Greater Grand Forks schools running late and travel isn't advised, but it's not a blizzard warning
Winds gust beyond 40 mph throughout the region. Although the storm was downgraded overnight from a blizzard to a winter advisory, Herald names the storm Blizzard Caitlin.
GRAND FORKS — A blizzard warning that was issued for the northern Red River Valley was canceled overnight, but it certainly doesn't mean residents of the area are out of the cold just yet.
Schools in Grand Forks and East Grand Forks ran two hours late on Friday, Jan. 27, as did UND. No-travel advisories were issued for portions of northwest Minnesota and northeastern North Dakota. Temperatures will continue to fall into the weekend, creating frigid wind chills.
The National Weather Service on Thursday afternoon issued a blizzard warning for Traill, Grand Forks, Walsh and Pembina counties in North Dakota and Norman, Polk, Marshall and Kittson counties in northwest Minnesota.
The warning was to be in effect through noon Friday. But overnight, the blizzard warning was downgraded, and the region was placed in a winter weather advisory.
Despite the short duration of the blizzard warning, the Herald named the storm Blizzard Caitlin after Caitlin Olson, of East Grand Forks, who won the Home of Economy-Grand Forks Herald's Pie Bake-off last summer. Other named blizzards so far this year were Blizzard Alexandra (for Alexandra Lunseth, a recent Mrs. North Dakota winner) and Blizzard Barry (for Barry Wilfahrt, head of the Grand Forks-East Grand Forks Chamber of Commerce).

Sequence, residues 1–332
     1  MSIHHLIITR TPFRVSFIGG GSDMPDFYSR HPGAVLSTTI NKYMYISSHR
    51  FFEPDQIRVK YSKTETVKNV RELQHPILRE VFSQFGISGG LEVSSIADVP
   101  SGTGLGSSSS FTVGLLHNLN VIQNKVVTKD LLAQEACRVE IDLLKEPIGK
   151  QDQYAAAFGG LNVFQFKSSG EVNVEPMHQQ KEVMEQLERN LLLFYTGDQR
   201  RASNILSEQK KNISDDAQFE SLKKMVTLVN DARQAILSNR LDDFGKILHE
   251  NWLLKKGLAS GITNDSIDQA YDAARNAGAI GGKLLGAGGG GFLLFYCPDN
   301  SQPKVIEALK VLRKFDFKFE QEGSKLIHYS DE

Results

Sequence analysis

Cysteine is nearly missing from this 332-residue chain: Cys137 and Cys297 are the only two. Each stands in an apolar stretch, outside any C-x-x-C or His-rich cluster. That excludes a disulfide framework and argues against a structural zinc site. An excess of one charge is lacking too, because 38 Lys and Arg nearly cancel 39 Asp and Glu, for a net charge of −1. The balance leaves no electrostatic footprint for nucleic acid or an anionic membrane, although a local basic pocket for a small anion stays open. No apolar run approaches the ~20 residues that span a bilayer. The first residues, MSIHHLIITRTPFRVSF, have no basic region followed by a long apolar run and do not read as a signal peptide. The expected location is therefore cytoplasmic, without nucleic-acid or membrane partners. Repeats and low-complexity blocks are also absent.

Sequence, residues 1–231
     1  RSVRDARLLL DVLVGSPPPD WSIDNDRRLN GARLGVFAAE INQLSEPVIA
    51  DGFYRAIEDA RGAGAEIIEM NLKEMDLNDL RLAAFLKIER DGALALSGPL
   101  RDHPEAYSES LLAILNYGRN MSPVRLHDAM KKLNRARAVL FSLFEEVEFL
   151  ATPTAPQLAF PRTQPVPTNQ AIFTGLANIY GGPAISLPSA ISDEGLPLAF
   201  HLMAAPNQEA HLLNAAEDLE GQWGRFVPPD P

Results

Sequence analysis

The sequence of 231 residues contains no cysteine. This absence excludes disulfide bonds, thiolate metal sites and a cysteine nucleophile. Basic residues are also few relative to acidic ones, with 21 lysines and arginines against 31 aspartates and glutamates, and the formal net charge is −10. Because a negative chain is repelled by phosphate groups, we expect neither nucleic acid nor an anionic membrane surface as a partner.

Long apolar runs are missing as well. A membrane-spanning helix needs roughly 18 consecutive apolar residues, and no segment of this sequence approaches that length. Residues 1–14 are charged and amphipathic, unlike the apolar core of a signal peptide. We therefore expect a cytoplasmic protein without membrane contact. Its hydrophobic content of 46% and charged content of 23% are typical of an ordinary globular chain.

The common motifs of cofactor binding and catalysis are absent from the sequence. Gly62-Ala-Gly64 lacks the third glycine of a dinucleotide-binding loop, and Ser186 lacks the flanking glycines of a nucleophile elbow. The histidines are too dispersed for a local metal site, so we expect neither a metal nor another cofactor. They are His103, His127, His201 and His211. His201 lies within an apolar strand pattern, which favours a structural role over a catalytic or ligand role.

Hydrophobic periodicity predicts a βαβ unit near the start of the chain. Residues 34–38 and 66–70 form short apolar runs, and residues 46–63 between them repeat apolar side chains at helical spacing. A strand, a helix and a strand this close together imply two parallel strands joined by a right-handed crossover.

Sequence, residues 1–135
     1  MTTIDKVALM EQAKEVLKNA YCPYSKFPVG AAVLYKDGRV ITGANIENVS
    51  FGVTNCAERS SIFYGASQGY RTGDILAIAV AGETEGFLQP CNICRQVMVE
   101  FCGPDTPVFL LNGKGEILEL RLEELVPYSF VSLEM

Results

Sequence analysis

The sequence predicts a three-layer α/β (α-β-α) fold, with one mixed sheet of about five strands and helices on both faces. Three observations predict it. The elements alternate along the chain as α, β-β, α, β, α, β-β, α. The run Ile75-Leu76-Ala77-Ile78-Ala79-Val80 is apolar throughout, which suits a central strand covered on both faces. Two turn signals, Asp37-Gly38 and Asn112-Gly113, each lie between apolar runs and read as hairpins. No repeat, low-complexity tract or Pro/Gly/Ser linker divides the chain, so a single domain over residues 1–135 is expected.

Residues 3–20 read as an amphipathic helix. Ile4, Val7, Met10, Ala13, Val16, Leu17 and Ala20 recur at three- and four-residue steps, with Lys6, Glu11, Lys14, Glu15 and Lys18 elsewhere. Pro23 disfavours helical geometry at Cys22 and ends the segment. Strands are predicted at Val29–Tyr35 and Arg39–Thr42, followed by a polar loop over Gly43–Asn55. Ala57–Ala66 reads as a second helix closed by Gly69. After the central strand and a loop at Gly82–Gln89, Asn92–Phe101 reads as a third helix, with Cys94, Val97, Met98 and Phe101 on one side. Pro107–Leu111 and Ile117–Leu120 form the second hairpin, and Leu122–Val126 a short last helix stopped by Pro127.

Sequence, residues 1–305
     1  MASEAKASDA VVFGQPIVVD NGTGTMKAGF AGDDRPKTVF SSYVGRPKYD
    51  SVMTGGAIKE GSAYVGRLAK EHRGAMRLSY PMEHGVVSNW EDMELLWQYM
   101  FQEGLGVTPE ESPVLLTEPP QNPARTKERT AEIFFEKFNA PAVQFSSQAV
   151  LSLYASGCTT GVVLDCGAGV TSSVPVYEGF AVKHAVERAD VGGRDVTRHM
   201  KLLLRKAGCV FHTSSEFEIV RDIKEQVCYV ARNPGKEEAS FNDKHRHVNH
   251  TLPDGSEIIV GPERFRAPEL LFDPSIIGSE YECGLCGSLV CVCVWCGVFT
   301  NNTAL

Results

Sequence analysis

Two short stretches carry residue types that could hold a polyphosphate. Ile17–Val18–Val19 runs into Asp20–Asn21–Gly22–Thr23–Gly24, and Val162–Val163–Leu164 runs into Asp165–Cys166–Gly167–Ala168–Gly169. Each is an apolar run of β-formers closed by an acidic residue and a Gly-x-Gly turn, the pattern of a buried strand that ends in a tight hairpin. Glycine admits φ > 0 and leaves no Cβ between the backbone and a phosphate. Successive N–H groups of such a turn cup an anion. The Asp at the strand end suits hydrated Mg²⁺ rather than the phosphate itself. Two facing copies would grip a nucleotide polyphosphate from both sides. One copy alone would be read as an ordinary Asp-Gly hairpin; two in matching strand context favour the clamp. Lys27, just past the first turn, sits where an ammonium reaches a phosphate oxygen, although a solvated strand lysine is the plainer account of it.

The Herald has been naming blizzards since 1990, giving storms alphabetically alternating male/female names in an effort to honor local residents and also to log storms for the sake of history. The Herald generally uses the names of people in the news, famous or mythical figures, or those with connections to the Herald. The record is eight, during the winter of 1996-97.
Although the storm wasn't technically a blizzard as the sun rose Friday morning, it still had many traits of a blizzard, including high winds, cold temperatures and reduced visibility.
It also prompted various delays and closings, including the late hours of the Greater Grand Forks schools and others in the area. Also, staff at the Grand Forks County Courthouse and office building were told to report to work at 10 a.m. Friday.
At approximately 7 p.m. Thursday, a North Dakota Highway Patrol vehicle was struck after it stopped to respond to a four-vehicle crash on Interstate 29 near Argusville, North Dakota. The northbound lanes were closed for more than two hours while the crash was investigated.
Around midnight, the winds were strong but temperatures reached above 32 degrees in the area. It helped form a crust on accumulated snow and reduce blowing snow.
"We're just not hitting that blizzard criteria," WDAY meteorlogist Lydia Blume said during the station's early morning broadcast Friday.
She said winds of at least 35 mph must be present — "which we have," she said — but visibility must be less than a quarter-mile for three consecutive hours. That wasn't necessarily happening, she said.
At 6 a.m. Friday, strong winds definitely were present. Gusts were reaching beyond the 40 mph range in Grand Forks and other cities in the region.
Wind chills will remain dangerous throughout the weekend, and especially Saturday. According to the National Weather Service, Saturday's high will only be minus-5 in Greater Grand Forks, but it'll feel as low as minus-32.
Sunday and Monday, the high will be around minus-4.